June 14, 2020

Transitions, Edges, and Challenges

red-spotted purple

A few days ago, I headed to the Edna Taylor Conservation Park near Monona on the east side of Madison. Embarrassingly, I hadn't discovered this property until last summer, even though I lived just a few blocks away when I first moved to the area many years ago, and I currently live only a few miles south.

It's really an incredible park, combining wetland, savanna, and prairie habitats. Most of the park is semi-open woodland, similar to my garden, so I find much inspiration in the plants that thrive there.

red-spotted purples

In addition to noting plants currently taking center stage at the park, I also visited the park to survey butterflies for master naturalist citizen science reporting. I didn't see as many as I'd expected on this trip, but one, and then two, red-spotted purples delighted me as they nectared and floated around a patch of Cow Parsnip (Heracleum lanatum). I'm not sure I'd encourage this plant in my garden, but the bees, butterflies, and other pollinators were certainly enjoying it.

canada anemone

I sure would like to get Canada Anemone (A. canadensis) going in my garden. I tried broadcasting seed without success, so maybe I should try plants. But then rabbits would probably eat them. (As I'm writing this, I just watched a rabbit take down a Wild Bergamot (Monarda fistulosa)--a plant they're not supposed to like...one I planted last summer and one of several the rabbits have eaten recently. Before you suggest rabbit repellents, frankly, I've tried them all, and the only thing that works here is caging, but I can't cage my entire garden.)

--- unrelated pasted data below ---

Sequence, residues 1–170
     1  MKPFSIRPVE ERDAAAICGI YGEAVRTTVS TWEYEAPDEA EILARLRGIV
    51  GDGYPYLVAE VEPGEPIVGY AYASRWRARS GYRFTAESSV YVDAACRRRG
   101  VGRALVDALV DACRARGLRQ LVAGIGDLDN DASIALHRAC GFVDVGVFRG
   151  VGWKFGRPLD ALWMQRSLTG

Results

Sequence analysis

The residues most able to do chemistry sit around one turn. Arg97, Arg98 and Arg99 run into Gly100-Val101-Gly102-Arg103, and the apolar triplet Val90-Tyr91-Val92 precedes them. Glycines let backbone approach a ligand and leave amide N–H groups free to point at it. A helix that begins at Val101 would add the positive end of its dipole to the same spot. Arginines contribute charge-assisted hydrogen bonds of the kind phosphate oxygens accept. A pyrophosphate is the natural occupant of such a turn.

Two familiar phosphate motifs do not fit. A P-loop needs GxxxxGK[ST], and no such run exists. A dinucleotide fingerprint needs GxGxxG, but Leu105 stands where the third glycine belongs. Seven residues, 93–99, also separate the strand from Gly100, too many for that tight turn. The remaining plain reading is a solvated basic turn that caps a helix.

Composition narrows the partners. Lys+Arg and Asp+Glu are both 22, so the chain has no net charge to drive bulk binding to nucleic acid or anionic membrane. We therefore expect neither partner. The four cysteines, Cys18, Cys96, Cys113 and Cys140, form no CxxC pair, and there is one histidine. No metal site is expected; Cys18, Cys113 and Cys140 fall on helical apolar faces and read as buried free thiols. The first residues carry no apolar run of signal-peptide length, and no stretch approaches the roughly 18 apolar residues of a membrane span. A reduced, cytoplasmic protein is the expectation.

bee on potentilla

Anyway...on to this beautiful bee on Potentilla (I'm not sure which species). The pollen on the bee's legs matches the pollen on the flower's anthers.

new jersey tea

Ah, yes, New Jersey Tea (Ceanothus americanus). I tried this, and of course it was caged, but it never took off. Maybe I should try it again, in a different spot.

fly on grass

A cute little hoverfly on tall grass (I think this is a Bromus species).

shasta daisy

A large Shasta Daisy (Leucanthemum spp.) near the stream. Yes, I could find a place for these in my garden.

blue flag iris

The highlight of my hike, in addition to the butterflies, was seeing a large number of native Blue Flag Irises (Iris virginica var. shrevei) in bloom. They truly are graceful and lovely.

As I battle the rabbits, and struggle with my "edge" garden, I'm trying to appreciate the biodiversity that happens in transition habitats--where prairies meet woodlands, wetlands meet dry woods, sun meets shade. These are tough conditions. Plants that thrive here must adapt to wet years and dry years, dappled and unpredictable light, and competition from a wide range of plants. We can learn a lot from these adaptable plants.